The Drawing Boards’ Will Kitely found himself spending three weeks in Seoul recently, exploring the myriad spots the city has to offer and generally soaking up the culture. Despite a rolled ankle he still came back with two minutes of ripping what look to be dream spots, which was sent our way alongside some words with Adam McEvoy about his experiences out there. Watch, read and start looking at flights!
We were in Seoul for about three weeks; I was there with two other friends and we were mainly excited to skate around all the insane spots, but also got to sightsee and hang out with some really fun people! The food and beer was incredible and our local friends would take us around to amazing fried chicken spots and just the most extravagant shopping areas and skate spots you could imagine. Besides the usual touristy stuff I had an interesting time getting some tattoos as they are illegal in Korea, but thanks to our friends we found some amazing parlours and got a couple from a great Japanese artist.
What’s the skate scene like?
The skate scene in Korea was interesting. Being relatively young, with the first shops opening in the 1990s, it had this tight knit feel to it and an excitement that attracts a diverse group of people. The main aspect that stood out to me was this sense of peaceful rebellion the skaters had, it was really going against the status quo for them to be doing what they do and as passionately as they do it.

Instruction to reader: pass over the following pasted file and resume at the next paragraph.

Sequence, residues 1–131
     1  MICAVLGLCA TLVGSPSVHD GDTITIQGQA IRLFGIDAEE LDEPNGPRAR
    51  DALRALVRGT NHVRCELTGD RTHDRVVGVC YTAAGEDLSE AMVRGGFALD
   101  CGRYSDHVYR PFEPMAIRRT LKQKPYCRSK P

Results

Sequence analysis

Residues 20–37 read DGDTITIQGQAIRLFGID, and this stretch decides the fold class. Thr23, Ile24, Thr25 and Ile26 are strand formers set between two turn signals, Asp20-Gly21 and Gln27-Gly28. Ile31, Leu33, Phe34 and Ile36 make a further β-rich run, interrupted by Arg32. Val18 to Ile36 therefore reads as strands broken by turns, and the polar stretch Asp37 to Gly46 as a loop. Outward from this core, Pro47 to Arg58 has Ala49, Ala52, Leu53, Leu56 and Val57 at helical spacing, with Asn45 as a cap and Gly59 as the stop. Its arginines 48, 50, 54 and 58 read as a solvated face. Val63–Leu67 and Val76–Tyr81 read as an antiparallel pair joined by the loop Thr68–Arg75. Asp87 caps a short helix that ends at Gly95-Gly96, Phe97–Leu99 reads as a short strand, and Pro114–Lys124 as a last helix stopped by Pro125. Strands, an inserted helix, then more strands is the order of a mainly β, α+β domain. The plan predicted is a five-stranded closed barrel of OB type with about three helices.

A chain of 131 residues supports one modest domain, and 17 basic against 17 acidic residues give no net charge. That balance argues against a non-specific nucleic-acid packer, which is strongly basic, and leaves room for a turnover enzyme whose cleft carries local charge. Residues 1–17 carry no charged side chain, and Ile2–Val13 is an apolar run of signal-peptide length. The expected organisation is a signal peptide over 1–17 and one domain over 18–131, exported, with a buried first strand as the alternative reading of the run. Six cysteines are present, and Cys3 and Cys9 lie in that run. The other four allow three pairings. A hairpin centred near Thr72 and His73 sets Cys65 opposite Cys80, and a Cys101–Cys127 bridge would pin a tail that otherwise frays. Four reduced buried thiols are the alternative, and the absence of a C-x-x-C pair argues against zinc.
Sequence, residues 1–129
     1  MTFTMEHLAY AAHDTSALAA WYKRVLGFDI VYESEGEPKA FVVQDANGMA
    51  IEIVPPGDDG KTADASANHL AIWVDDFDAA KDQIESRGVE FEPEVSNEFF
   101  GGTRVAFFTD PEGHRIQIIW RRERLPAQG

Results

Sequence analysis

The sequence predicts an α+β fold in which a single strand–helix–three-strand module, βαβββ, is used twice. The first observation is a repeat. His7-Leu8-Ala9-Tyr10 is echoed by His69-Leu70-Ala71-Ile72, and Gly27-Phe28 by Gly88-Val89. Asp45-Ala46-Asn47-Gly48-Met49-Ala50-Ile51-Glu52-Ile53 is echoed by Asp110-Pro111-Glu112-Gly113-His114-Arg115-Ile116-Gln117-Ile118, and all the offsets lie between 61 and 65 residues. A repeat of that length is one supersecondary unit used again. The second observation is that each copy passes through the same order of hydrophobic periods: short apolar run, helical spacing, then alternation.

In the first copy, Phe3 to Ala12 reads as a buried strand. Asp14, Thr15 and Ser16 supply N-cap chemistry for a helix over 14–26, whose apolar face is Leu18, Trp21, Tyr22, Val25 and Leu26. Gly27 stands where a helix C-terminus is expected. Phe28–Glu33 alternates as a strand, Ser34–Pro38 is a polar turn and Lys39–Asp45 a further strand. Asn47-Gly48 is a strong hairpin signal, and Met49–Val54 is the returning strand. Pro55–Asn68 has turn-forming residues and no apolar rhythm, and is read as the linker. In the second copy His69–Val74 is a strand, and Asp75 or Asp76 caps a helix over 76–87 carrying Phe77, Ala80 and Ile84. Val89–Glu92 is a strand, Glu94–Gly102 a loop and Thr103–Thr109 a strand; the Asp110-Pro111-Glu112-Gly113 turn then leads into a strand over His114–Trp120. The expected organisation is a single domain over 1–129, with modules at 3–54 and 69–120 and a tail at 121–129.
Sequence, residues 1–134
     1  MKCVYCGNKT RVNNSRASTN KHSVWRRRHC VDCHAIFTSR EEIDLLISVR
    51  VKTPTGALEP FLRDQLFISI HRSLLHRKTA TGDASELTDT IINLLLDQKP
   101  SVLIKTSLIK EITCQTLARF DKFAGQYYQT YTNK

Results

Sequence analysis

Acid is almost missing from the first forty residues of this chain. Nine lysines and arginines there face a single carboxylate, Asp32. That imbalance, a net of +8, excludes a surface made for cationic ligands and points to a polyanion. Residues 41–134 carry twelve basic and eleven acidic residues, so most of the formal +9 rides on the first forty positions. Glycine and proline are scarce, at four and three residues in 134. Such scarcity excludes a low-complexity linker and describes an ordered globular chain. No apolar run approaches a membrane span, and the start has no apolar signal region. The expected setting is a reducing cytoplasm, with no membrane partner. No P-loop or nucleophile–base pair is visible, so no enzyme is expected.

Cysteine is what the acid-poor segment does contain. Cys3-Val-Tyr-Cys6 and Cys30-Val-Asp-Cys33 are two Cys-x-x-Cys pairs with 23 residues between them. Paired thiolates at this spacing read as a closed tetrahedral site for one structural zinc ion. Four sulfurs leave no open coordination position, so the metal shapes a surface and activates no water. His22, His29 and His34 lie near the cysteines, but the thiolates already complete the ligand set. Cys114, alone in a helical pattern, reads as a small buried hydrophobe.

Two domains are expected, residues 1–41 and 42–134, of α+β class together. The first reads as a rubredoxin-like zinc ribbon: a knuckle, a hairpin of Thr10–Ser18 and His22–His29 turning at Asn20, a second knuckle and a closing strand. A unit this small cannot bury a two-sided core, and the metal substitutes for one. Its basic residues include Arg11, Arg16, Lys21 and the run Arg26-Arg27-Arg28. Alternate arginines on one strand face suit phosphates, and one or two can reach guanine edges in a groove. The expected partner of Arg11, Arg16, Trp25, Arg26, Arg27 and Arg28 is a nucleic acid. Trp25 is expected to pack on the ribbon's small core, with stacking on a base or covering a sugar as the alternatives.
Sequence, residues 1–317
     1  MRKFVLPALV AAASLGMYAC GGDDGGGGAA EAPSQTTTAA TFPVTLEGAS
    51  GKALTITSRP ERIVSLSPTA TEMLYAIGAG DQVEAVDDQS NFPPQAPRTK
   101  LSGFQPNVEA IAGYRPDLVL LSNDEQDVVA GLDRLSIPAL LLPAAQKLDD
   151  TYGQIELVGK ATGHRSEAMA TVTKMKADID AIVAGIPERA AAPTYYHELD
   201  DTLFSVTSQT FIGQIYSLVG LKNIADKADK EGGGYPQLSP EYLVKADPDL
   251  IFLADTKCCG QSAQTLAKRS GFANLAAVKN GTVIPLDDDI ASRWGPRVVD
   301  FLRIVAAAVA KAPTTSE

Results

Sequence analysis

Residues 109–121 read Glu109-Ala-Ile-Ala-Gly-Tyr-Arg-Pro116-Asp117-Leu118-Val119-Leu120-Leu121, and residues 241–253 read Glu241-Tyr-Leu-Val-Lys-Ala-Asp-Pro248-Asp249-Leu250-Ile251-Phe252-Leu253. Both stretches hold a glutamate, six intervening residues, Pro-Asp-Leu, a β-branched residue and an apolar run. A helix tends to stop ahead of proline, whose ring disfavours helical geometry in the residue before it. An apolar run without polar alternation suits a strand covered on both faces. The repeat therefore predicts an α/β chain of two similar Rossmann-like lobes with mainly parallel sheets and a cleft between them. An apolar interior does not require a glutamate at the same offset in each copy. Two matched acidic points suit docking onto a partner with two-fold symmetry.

The skate spots in Seoul are amazing; everything was marble, perfect to skate and best of all there are no skate stoppers. Some of the spots we saw seemed like they were straight out of a video game. The spots seemed to be never ending, it is just such a huge city you could never find everything. Skate spots we would session for hours and hours back home we would just skate past without bothering, because without a doubt there would be something ten times better around the corner.
Is there a central meeting spot for skaters?
The local skaters had worked really hard in getting a small plaza area called Culture Park open for skateboarding. There was a Southbank feel to the plaza and you could tell this was the Mecca for Korean skateboarding, with portable ramps, rails and ledges all set up amongst the existing stairs, ledges and hubba. Getting busy around 2 o’clock everyday, this place was the meet up!
What were the best/worst things about your trip?